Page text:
#11: Putting things together: the CHEOPS science instrument arrives in Madrid
3 May 2018Members of the CHEOPS consortium could be proud of their achievement as the science instrument of the upcoming exoplanet mission left Bern on its journey to Madrid last month.
|Walking around the science instrument. Click here for details and large versions of the video. Credit: ESA/Boffin Media
The science instrument and its tailor-made handling equipment left Switzerland by truck in six containers, designed to provide protection from shock, moisture and dust, on 10 April 2018. Its safe arrival in Spain the following day marked a key milestone for the CHEOPS project and enabled Airbus Defence and Space Spain, the prime contractor that has designed the spacecraft, to integrate the science instrument and the spacecraft platform and begin test activities.
The science instrument, including among other elements the telescope and Charge Coupled Detector, or CCD, cannot operate without the satellite platform, which comprises solar panels, thrusters, radio transmitters and reaction wheels for providing power, propulsion, communications and attitude control.
|The CHEOPS science instrument.
Credit: University of Bern
|Keeping the instrument free of dust.
Credit: ESA/Boffin Media
The shipment of the science instrument follows an intense period of qualification and calibration activities at the University of Bern, with the instrument team racing against the clock to deliver the instrument to the spacecraft prime contractor so that CHEOPS can be ready for launch by the end of this year. The key objective of the calibration campaign was to collect the data needed to convert the signals measured by the instrument into values that can be used to determine astrophysically meaningful quantities.
|One of two CHEOPS plaques that will carry children's drawings into space.
Credit: ESA/Boffin Media
CHEOPS will make observations of exoplanet-hosting stars to measure small changes in their brightness due to the transit of a planet across the star disc.
The light from point-like stars will be collected by the telescope and directed onto multiple pixels of the detector to form an image that astronomers call the 'point spread function'. Knowledge of the shape of the point spread function is needed to make sure that the instrument is used in an optimal way. It is essential that any changes in the measured signal caused by transiting planets can be distinguished from changes caused by environmental effects such as variations in the temperature of the instrument or electromagnetic disturbances.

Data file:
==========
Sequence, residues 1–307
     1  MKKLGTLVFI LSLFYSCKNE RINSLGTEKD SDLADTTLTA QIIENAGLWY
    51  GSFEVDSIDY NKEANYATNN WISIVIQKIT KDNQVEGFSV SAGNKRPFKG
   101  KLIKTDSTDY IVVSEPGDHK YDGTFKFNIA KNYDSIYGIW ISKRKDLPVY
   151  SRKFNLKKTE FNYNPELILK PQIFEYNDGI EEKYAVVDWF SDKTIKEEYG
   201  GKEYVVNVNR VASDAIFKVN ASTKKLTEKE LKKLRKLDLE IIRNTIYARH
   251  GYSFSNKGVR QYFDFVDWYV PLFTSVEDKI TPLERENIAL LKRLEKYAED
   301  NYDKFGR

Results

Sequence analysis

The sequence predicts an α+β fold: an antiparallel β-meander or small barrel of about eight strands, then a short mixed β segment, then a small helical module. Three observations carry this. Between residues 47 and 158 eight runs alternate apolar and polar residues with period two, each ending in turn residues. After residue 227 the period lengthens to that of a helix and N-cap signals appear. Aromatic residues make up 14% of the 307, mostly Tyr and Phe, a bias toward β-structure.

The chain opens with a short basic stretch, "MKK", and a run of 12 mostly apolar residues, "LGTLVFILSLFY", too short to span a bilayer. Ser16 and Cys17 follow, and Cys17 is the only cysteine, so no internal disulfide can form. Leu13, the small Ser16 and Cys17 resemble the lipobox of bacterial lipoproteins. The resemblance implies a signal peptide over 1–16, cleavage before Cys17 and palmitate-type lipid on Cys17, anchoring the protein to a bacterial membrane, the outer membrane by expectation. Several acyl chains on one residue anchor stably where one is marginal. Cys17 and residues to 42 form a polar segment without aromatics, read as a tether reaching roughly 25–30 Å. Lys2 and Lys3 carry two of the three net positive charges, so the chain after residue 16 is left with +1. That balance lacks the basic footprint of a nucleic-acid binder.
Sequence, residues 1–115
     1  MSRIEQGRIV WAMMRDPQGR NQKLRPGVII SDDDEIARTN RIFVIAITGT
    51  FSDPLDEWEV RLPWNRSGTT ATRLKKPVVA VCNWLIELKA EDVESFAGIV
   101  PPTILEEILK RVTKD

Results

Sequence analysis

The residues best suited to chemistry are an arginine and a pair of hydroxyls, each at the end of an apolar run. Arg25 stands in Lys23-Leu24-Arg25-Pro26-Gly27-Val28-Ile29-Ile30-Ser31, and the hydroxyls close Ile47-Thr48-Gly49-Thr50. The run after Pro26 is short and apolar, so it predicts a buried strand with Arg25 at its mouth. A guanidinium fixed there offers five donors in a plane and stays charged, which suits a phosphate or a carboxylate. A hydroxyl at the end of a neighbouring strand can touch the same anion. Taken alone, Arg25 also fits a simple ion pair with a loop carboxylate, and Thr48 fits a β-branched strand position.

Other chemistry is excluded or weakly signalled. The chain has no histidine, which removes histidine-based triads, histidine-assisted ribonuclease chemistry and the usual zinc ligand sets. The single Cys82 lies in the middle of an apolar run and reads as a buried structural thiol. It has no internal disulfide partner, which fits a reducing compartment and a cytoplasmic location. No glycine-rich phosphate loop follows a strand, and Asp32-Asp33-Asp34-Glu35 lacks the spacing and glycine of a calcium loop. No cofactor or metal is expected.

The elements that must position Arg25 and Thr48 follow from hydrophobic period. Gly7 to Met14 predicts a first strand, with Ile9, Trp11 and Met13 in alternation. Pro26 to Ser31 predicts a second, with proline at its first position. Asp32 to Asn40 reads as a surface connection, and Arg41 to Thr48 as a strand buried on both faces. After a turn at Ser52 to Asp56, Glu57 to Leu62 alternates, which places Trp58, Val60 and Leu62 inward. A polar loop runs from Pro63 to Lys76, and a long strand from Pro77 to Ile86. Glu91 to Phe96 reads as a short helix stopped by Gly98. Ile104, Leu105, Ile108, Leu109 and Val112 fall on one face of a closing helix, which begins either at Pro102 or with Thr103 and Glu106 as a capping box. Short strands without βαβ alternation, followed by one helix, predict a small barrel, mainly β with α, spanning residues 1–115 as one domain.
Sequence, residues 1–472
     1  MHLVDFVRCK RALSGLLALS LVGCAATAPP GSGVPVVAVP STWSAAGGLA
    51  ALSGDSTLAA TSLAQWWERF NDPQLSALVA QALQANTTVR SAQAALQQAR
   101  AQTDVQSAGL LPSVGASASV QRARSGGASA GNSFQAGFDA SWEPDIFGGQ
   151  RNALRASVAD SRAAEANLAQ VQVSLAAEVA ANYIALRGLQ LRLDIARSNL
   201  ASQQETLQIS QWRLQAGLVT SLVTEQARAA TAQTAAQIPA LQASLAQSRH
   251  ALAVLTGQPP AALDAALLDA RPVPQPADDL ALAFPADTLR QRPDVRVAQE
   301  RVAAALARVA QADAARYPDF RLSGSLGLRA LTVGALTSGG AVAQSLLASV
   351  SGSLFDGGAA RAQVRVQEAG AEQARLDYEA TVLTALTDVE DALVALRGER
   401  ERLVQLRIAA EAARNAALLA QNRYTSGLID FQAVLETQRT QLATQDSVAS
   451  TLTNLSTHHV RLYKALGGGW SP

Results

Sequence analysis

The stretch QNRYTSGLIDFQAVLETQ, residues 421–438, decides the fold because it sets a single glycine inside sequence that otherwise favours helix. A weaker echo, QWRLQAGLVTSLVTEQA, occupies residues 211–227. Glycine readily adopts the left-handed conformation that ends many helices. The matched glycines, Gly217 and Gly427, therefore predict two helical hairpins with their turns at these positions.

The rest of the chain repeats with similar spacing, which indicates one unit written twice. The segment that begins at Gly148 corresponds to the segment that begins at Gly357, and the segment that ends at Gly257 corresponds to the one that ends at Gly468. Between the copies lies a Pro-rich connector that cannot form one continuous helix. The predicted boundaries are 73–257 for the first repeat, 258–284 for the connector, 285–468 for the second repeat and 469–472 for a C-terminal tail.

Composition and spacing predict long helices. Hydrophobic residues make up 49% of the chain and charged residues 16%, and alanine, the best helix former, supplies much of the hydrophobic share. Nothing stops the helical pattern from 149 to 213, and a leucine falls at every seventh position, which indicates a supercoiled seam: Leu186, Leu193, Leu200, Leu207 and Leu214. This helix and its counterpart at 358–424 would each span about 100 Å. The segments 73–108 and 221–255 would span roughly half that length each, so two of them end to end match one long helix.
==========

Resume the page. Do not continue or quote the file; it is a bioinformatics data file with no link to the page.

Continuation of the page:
The calibration campaign conducted in Bern over the past three months involved such sensitive measurements that even the body heat of people in the cleanroom housing the reference sources had to be taken into account. Reassuringly, it was determined that the thermal stability of the telescope was satisfactory and even exceeded the design requirements.
|Thermal vacuum chamber and calibration set-up at the University of Bern.
Credit: ESA/Boffin Media
A number of calibration activities focused on the electronics of the CHEOPS detector. As photons from CHEOPS target stars strike the silicon surface of the CCD, they will be converted into electrons. The resulting charge will be turned into a voltage that must be sampled and digitised. The response of the electronics in this process is unique to CHEOPS and must be calibrated and optimised.
|The CHEOPS spacecraft during baffle cover alignment at Airbus Defence and Space Spain. Credit: Airbus Defence and Space Spain
As a result of the tests completed in Bern, astronomers believe that the CHEOPS instrument can achieve the scientific objectives for which it has been built, and it is with hope and excitement that they can look forward to the new science that the satellite will enable once operating in space.
Once the final integration checks have been made in Madrid and the last calibration data have been analysed, most members of the instrument team in Bern will be able to consider their job done. After much hard work, they will be looking forward to the launch eagerly.
Others will continue work on the remaining elements of the mission, starting with the team at Airbus Defence and Space Spain. The upcoming activities will provide an opportunity to train the future operations team and will include system validation tests to ensure smooth end-to-end operations involving the integrated spacecraft, the mission operations centre in Torrejón, Spain, and the science operations centre in Geneva, Switzerland. These tests will be followed by thermal tests in France, vibration tests in Switzerland and acoustic tests at ESTEC, ESA's technical centre in The Netherlands.
CHEOPS is an ESA mission implemented in partnership with Switzerland, through the Swiss Space Office (SSO). The University of Bern leads a consortium of 11 ESA Member States contributing to the mission and represented in the CHEOPS Science Team. ESA is the mission architect responsible for overall mission definition and procurement of the spacecraft and launch. ESA is also responsible for the early operations phase that will be executed by the spacecraft contractor, Airbus Defence and Space–Spain (ASE). The science instrument is led by the University of Bern, with important contributions from Austria, Belgium, Germany and Italy. Other contributions to the science instrument, in the form of hardware or science operations, are provided by Hungary, France, Portugal, Sweden, and the United Kingdom. CHEOPS will be launched from Europe's spaceport in Kourou, French Guiana, on a Soyuz rocket operated by Arianespace. Following successful in-orbit commissioning of the spacecraft, responsibility for operations will be taken over by the CHEOPS Mission Consortium, with the Mission Operations Centre under the responsibility of INTA, Spain, and the Science Operations Centre led by the University of Geneva, Switzerland.